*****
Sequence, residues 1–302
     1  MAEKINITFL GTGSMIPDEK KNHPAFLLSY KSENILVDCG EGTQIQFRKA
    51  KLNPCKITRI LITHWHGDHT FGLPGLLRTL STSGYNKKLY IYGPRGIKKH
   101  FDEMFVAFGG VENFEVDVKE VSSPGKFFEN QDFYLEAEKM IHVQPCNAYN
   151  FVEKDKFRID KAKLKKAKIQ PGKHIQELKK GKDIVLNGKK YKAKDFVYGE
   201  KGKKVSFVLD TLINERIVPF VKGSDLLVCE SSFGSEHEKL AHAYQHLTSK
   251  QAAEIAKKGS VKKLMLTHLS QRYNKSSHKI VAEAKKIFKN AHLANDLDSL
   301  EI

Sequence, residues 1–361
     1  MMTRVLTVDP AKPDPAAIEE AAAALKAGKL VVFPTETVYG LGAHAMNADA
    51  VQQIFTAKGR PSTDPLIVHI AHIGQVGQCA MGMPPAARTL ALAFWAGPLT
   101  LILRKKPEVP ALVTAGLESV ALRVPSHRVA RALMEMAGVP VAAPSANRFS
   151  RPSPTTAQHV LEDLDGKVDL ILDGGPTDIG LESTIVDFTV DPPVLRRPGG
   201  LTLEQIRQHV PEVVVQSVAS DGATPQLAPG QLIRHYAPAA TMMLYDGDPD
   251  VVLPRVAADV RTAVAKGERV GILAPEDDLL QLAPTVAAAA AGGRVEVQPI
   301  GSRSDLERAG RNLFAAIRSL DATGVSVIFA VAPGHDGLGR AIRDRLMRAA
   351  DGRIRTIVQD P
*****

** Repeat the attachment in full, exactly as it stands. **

Sequence, residues 1–302
     1  MAEKINITFL GTGSMIPDEK KNHPAFLLSY KSENILVDCG EGTQIQFRKA
    51  KLNPCKITRI LITHWHGDHT FGLPGLLRTL STSGYNKKLY IYGPRGIKKH
   101  FDEMFVAFGG VENFEVDVKE VSSPGKFFEN QDFYLEAEKM IHVQPCNAYN
   151  FVEKDKFRID KAKLKKAKIQ PGKHIQELKK GKDIVLNGKK YKAKDFVYGE
   201  KGKKVSFVLD TLINERIVPF VKGSDLLVCE SSFGSEHEKL AHAYQHLTSK
   251  QAAEIAKKGS VKKLMLTHLS QRYNKSSHKI VAEAKKIFKN AHLANDLDSL
   301  EI

Sequence, residues 1–361
     1  MMTRVLTVDP AKPDPAAIEE AAAALKAGKL VVFPTETVYG LGAHAMNADA
    51  VQQIFTAKGR PSTDPLIVHI AHIGQVGQCA MGMPPAARTL ALAFWAGPLT
   101  LILRKKPEVP ALVTAGLESV ALRVPSHRVA RALMEMAGVP VAAPSANRFS
   151  RPSPTTAQHV LEDLDGKVDL ILDGGPTDIG LESTIVDFTV DPPVLRRPGG
   201  LTLEQIRQHV PEVVVQSVAS DGATPQLAPG QLIRHYAPAA TMMLYDGDPD
   251  VVLPRVAADV RTAVAKGERV GILAPEDDLL QLAPTVAAAA AGGRVEVQPI
   301  GSRSDLERAG RNLFAAIRSL DATGVSVIFA VAPGHDGLGR AIRDRLMRAA
   351  DGRIRTIVQD P